Still, there is some use to narrating the different ideas about sexual practices, ancient and more recent. Denaturalizing assumptions about the past, a site often cited in modern debates about who or what is normal, can be an important strategy in contesting the terms of these debates. The different way ancient sources describe and prescribe sexual activities has even led some scholars to replace the term “homosexual” with “homoerotic” when discussing peoples around the ancient Mediterranean. Ostensibly, this helps to dissociate ancient practices from modern identities shaped by sexual orientation. Yet the replacement is still shaped by the doubled narrowing of focus to sexual-object choice and the classification of humans as “same” (or not) on the basis of sex/gender (retaining the homo-), in keeping with assumptions about sexual orientation.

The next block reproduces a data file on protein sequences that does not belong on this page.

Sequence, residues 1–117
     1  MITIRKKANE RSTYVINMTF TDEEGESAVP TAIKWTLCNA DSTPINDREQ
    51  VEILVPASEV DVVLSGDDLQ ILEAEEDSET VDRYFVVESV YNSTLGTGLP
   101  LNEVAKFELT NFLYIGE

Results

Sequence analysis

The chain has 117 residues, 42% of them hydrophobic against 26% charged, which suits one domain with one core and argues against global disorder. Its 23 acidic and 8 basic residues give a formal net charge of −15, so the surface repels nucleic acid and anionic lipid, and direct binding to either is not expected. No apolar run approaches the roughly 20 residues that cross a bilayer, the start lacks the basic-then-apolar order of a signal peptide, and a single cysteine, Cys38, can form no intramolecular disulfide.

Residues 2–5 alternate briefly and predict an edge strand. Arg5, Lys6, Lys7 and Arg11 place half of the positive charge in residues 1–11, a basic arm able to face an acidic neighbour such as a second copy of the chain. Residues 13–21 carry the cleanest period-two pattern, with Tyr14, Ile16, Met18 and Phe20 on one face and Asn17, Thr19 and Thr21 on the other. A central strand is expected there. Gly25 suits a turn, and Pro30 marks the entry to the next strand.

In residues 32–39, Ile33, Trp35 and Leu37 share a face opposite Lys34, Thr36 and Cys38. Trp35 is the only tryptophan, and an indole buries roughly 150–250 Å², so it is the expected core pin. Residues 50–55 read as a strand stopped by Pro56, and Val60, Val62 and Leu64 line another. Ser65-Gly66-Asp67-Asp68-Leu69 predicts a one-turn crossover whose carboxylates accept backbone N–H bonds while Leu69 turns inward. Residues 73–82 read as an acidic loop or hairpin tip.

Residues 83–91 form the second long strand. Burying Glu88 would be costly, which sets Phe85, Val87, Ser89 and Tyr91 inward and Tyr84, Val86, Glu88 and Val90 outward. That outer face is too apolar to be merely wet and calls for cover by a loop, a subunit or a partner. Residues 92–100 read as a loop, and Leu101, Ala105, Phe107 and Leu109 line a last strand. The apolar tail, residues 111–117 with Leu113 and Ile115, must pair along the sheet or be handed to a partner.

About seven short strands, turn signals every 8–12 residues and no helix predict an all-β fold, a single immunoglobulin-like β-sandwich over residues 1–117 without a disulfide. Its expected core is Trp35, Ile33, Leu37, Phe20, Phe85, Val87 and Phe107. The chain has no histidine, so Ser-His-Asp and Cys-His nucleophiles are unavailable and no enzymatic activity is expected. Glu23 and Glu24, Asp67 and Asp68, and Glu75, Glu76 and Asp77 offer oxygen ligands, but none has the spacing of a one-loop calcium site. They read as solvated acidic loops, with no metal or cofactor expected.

As indicated above, Halperin makes a strong distinction between ancient and contemporary ideas about sexuality. Discussing the ancient way of categorizing practices, he recommends “not to speak of it as a sexuality at all but to describe it, rather, as a more generalized ethos of penetration and domination” (Halperin, 1990, pp. 34–35). In this ethos sex acts are not mutual activities. They are not done with someone, but they are done to, on, or upon someone, reflecting an asymmetrical hierarchy between participants. Sex acts, in this view, should indicate and correspond to the relative status of the participants: the dominant party, typically imagined as an elite, free adult male, will be the insertive participant, while the receptive “participant” should be socially and politically subordinate to the insertive. In this arrangement there is a remarkable indifference to the sex of the receiving body: females, younger males, and slaves and foreigners (of both sexes) are appropriate and interchangeable receptacles. However, gendered ideas are not absent from these scenarios; they are just differently arranged. The main division is not between male and female but between insertive imagined as “active” and receptive imagined as “passive,” which, in turn, mostly corresponds to ancient ideas about masculinity and femininity. If an elite, free adult male is going to maintain his masculinity, he must act in all ways (including sexually) according to his higher status, dominant, active, and thus insertive. As long as the higher-status male behaves as an impenetrable penetrator, the sex act could be classified as natural.